So in the last segment, we dealt at length with the John 2:13-22 passage. We correlated it with Mark 11 and Matthew 21, crunched the content. I know that the normal expression is “crunched the data.” We crunched the content of these passages and it seems as though these are two separate events. To be fair, customarily, those are accounted as one singular event. Either position is workable. I’m simply going with the context of the Gospels. But you are free to assume that they are or to adhere to the argument that they are one event. That’s normative. But in this segment, we’re going to be doing John 6. And the first part of John 6 that we want to look at is verses 1 through 15. And it’s a familiar passage. It’s the feeding of the five thousand. And of course, to make a long story short, the feeding of the five thousand is correlated across the board. It’s present in all four Gospels. The Synoptics have it. John has it. But they are arranged somewhat differently, and that is essentially the nature of our exploration in this particular segment.
So let’s begin. John 6:1-15, “After this Jesus went away to the other side of the Sea of Galilee, which is the Sea of Tiberias. And a large crowd was following him, because they saw the signs that he was doing on the sick. Jesus went up on the mountain, and there he sat down with his disciples. Now the Passover, the feast of the Jews, was at hand. Lifting up his eyes, then, and seeing that a large crowd was coming toward him, Jesus said to Philip, ‘Where are we to buy bread, so that these people may eat?’ He said this to test him, for he himself knew what he would do. Philip answered him, ‘Two hundred denarii would not buy enough bread for each of them to get a little.’ One of his disciples, Andrew, Simon Peter's brother, said to him, ‘There is a boy here who has five barley loaves and two fish, but what are they for so many?’ Jesus said, ‘Have the people sit down.’ Now there was much grass in the place. So the men sat down, about five thousand in number. Jesus then took the loaves, and when he had given thanks, he distributed them to those who were seated. So also the fish, as much as they wanted. And when they had eaten their fill, he told his disciples, ‘Gather up the leftover fragments, so that nothing may be lost.’ So they gathered them up and filled twelve baskets with fragments from the five barley loaves left by those who had eaten. When the people saw the sign that he had done, they said, ‘This is indeed the Prophet who is to come into the world!’ Perceiving then that they were about to come and take him by force to make him king, Jesus withdrew again to the mountain by himself.”
So let’s deal with the content of John 6:1-15 first. Jesus went away to the other side of the Sea of Galilee. And of course, that’s in contrast to the prior context of John 6:1, which we don’t need to get into at this moment. There was a large crowd following him because he was healing the sick. Jesus went up on the hill. Mountain is probably too strong a translation for the term oros. He sat down there with his disciples. Probably a prominent hill where you had a wide panoramic view of the whole crowd. Now, the Passover, the feast of the Jews was near. You can correlate John 6:4 with John 2:13, which we dealt with at length in the last segment.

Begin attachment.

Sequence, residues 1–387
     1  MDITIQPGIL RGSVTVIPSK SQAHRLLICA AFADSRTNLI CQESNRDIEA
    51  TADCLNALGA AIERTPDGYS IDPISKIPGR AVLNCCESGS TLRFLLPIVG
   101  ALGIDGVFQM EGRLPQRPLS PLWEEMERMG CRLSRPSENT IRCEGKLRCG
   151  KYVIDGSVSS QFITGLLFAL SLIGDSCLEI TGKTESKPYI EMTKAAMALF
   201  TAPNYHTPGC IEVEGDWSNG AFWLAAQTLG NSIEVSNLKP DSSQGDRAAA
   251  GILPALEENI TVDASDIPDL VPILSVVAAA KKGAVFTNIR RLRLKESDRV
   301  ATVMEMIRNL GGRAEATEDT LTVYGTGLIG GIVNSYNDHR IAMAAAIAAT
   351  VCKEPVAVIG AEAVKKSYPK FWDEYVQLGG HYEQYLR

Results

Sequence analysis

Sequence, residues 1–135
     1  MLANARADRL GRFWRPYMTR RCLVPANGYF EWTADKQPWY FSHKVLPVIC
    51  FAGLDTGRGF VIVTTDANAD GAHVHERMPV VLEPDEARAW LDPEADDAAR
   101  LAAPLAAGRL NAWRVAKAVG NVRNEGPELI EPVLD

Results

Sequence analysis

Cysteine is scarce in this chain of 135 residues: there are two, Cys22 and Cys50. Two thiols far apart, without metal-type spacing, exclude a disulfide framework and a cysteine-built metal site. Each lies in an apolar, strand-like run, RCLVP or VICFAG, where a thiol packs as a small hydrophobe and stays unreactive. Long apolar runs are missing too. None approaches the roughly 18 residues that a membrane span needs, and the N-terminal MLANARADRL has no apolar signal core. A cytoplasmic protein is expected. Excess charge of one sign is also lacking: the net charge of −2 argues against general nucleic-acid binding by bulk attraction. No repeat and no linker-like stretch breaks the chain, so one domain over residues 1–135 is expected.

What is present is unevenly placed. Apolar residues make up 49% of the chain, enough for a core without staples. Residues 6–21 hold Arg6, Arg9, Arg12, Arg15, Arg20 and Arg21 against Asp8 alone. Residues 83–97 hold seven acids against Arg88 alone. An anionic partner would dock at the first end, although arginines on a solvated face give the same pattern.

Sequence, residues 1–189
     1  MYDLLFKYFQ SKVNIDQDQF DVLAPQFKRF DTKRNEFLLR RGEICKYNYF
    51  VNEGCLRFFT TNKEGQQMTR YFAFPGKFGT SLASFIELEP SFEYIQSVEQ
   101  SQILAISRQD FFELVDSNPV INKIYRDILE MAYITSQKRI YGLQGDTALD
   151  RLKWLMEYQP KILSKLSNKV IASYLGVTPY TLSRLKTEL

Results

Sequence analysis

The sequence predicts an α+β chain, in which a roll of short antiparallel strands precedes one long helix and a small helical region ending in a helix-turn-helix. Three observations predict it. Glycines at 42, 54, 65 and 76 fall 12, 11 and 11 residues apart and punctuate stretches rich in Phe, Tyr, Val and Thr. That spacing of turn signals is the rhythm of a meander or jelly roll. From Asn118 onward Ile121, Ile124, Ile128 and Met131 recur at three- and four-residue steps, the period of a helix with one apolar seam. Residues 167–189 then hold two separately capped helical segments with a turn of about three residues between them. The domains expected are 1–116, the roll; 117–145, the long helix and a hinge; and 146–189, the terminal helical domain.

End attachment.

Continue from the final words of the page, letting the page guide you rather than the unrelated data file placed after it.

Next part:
So this is his second year of ministry, as it were, into the second year of ministry. He lifts his eyes (Verse 5). He sees a large crowd coming toward him. Jesus said to Philip, “Where are we to buy bread, so that these people may eat?” Jesus asked the question to test Philip because he already knew what was going to happen, what he was going to do. And Philip answered him in a practical fashion. He said, “Well, two-thirds of a year’s worth of pay (or slightly less than two-thirds of a year’s worth of pay) is not enough to buy food for this whole crowd.” Two hundred denarii. Usually about 300 to 360 denarii was about a year’s worth of wages. Andrew said, “A boy’s got five barley loaves and two fish. And that’s all we’ve got. What are they for so many?” Jesus commands that people be made to sit down. They sat down. There was plenty of grass. The men sat down. They were about 5000 in number. What we will find from the Synoptics is that the men were about 5000 in number, and that didn’t include women and children, so the number was closer to anywhere from 10,000 to 15,000 people, which is remarkable. Jesus took the loaves. He gave thanks (Verse 11). He distributed them to those who were seated, as well as the fish. When they had eaten their fill, he told his disciples, verse 12, “Gather up the leftover fragments, that nothing may be lost.” And they gathered them up and they filled 12 baskets worth of fragments from five barley loaves and two fish. Verse 14, the people saw what he had done. Jesus had just broken up five barley loaves and two fish and fed 10,000 to 15,000 people. The response is understandable from the human standpoint. “This is indeed the Prophet who is to come into the world!” And Jesus perceived that they were about to come and make him king. They were ready for revolution. Jesus withdrew to the mountain by himself. He refused to entertain any of those sentiments.